Tuesday, February 12, 2013

High Speed Venison

by Leon Pantenburg
We were somewhere between the "Food is Fuel" and "Use the Dutch Oven to Cook Something Wonderful" philosophies of wilderness campfire cooking.
So this recipe, named "High Speed Venison" because of its speedy preparation, was chosen. Mike set up the stove and Dutch oven on the tailgate of my pickup; Phil sliced up some backstrap from a deer he'd killed, and I sliced onions. All this preparation took less than five minutes.
Ingredients for this dish go on every hunt. All you have to do is add venison, and you have a great, tasty meal that doesn't require a lot of preparation. We've cooked this same dish in the parking lot of the motel in Orofino, Idaho; outside of a motel room in Lowell, Idaho, and at home, when a quick meal was in order.
A great, easy side dish is to slice potatoes and onions, add butter, and wrap everything in foil. Toss this package in the coals, turn occasionally and cook until done.
While the other two went down to the river to swim and clean up, I watched the food. Phil came back up to the truck, so I could go take a swim. By the time everyone was cleaned up, we were ready to eat.
2-3 lbs venison steaks
1 pkg beefy onion soup mix
1 can cream of mushroom soup
2 beef bouillon cubes
2 onions, sliced
3/4 C milk
salt and pepper
Trim fat off steaks and brown in skillet or cast iron Dutch oven. Mix together the mushroom soup, beefy onion soup mix and milk. Pour over steaks. Add onions and bouillon. Simmer one hour. Serve over rice.
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Sunday, February 3, 2013

Squirrel Mulligan

Some recipes, like this one, are old friends.
by Leon Pantenburg
Recipes trigger memories sometimes, and that's what happened when I came across this mulligan recipe. The date on it is December 16, 1989, it has a 3.5 star rating out of a best possible four and I remember why I cooked it.

Squirrel hunting is a great way to introduce newcomers to hunting. This squirrel recipe is good for stretching food resources when you don't have much meat, or only harvested one small game animal. (Pantenburg photo)
Squirrel hunting is a great way to introduce newcomers to hunting. (Pantenburg photo)

At the time I lived in Washington D.C., and I frequently hunted at Quantico Marine Base, south of the city.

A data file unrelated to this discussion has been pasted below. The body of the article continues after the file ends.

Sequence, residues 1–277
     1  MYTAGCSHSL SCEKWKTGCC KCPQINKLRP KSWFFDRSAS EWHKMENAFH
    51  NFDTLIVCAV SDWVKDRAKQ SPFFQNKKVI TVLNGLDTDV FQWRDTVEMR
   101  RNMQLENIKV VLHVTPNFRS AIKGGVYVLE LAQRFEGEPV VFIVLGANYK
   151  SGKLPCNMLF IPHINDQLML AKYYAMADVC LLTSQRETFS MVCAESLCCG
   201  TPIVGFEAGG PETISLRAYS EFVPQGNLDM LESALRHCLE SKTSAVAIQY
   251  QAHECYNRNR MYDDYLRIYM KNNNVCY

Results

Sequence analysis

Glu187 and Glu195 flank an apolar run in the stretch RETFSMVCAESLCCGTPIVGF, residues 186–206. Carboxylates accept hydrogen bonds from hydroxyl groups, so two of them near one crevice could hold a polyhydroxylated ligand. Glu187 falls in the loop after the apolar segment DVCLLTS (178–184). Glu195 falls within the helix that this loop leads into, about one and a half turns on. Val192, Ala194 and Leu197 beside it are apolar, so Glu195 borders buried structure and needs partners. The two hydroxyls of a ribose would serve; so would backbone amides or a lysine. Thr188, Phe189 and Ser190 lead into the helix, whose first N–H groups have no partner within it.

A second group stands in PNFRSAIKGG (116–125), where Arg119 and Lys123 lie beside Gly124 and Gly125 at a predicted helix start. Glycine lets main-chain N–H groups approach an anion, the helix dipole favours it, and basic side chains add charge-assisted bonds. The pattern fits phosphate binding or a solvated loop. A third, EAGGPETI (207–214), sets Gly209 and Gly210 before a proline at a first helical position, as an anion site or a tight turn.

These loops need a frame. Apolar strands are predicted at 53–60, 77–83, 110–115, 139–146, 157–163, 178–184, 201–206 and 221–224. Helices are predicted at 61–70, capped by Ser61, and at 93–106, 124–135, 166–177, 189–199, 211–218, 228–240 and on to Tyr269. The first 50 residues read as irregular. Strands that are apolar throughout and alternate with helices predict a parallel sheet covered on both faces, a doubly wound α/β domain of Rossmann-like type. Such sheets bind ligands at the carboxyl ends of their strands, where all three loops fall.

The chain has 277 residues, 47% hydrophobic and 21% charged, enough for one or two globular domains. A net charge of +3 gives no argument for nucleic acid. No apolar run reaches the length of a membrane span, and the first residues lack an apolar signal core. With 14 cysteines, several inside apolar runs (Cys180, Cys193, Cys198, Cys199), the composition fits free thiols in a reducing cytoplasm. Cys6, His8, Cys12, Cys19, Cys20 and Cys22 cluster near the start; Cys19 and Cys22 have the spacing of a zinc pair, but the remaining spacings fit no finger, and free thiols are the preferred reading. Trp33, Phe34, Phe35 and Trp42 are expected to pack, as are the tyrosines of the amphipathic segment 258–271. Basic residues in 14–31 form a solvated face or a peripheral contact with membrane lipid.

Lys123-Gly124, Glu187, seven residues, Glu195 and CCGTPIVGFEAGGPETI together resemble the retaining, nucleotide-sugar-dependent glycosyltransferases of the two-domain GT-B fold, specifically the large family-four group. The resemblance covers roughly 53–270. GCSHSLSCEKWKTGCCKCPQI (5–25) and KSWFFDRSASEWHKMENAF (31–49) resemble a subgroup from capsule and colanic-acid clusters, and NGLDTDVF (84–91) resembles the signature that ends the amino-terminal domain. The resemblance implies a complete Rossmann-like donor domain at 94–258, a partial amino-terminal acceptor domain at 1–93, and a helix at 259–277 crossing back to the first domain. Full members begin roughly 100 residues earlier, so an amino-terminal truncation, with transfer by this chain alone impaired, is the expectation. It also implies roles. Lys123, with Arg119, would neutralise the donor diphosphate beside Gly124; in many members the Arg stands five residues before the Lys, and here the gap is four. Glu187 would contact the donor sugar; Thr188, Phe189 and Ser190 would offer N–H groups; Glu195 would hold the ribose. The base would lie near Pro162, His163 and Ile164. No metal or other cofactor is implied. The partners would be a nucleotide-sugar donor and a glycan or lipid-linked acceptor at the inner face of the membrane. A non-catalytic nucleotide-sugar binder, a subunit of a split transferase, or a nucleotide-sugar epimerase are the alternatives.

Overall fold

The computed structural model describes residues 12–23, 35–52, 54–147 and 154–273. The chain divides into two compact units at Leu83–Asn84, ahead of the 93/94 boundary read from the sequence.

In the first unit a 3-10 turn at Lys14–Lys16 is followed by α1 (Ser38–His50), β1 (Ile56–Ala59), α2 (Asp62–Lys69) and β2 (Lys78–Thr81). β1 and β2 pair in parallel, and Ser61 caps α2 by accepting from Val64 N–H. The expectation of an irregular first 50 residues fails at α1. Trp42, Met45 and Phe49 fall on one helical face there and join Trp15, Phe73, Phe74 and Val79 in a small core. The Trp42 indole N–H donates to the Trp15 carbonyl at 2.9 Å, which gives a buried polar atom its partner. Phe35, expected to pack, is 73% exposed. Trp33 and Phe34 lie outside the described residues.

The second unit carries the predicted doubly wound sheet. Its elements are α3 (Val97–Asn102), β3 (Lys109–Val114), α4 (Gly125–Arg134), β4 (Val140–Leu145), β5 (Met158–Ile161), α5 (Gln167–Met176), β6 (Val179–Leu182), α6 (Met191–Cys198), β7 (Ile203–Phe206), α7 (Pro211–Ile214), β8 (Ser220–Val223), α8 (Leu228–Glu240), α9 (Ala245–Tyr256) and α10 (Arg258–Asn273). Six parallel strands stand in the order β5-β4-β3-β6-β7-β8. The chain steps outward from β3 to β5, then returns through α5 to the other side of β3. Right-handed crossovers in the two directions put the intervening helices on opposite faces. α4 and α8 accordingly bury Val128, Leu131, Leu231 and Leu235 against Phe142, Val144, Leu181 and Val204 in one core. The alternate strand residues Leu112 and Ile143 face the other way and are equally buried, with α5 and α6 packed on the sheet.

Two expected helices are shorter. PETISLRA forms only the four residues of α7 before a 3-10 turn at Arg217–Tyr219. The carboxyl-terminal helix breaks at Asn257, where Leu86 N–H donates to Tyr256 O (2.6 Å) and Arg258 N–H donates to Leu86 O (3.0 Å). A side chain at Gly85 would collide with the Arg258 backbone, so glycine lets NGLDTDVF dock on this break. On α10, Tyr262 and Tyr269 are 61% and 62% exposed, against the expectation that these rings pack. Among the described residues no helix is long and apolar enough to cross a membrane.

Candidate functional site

Check out the striker and charcloth for flint and steel firemaking!
For a country type such as me, weekend hunting trips helped me keep my sanity amid the Beltway hustle and pressure associated with a stressful job.
Shotguns were required to hunt on the base, but there was a loophole that allowed blackpowder rifles for small game hunting. Blackpowder is my favorite method of hunting anyway, and my .40 caliber flintlock was my ticket to small game heaven. All hunters were required to check in at the gate before dawn, and each was allotted 160 acres to hunt on for the day. I had scouted the land, and knew where the hickory and oak groves were, and I usually got my favorite spot.
There is something about drifting through a hardwood grove just after dawn, wearing a powder horn and shot bag and hunting with a genuine longrifle that is makes it impossible to worry. The smell of the damp leaves, and ker-flu of the flintlock firing, followed by the fog of powder smoke were part of an incredible experience and harvesting a squirrel was a bonus.
On this particular day, I was shooting well, and had killed three squirrels with three headshots. I hiked out to my car, and ran across two other squirrel hunters. My flintlock usually gets some looks and comments and this day was no different. I explained the complexity of loading and firing the rifle, and the feel I got hunting with it.
All this was lost on one of the hunters, who was packing a Remington semi-automatic shotgun.
"But it's got to be a handicap, hunting with that thing," he said. "What do you use when you want to kill some squirrels?"
"I got three squirrels with three shots," I answered. "How are you guys doing?"
They both laughed.
"Not that good!"
Later that week, I was looking for a recipe to use three squirrels, and found this one. It's a winner!
Squirrel Mulligan
3 squirrels, dressed
2 onions, chopped
1 green pepper, chopped
2 russet potatoes, diced
4 Tbs chili pepper
salt to taste
pepper to taste
dash of Louisiana hot sauce
1 c cooked rice
Stew squirrels in water until tender. Removed meat from bones. Place meat into broth, and bring to a boil; add remaining ingredients except rice. Cook 45 minutes, or until vegetables are tender. Add rice and serve.
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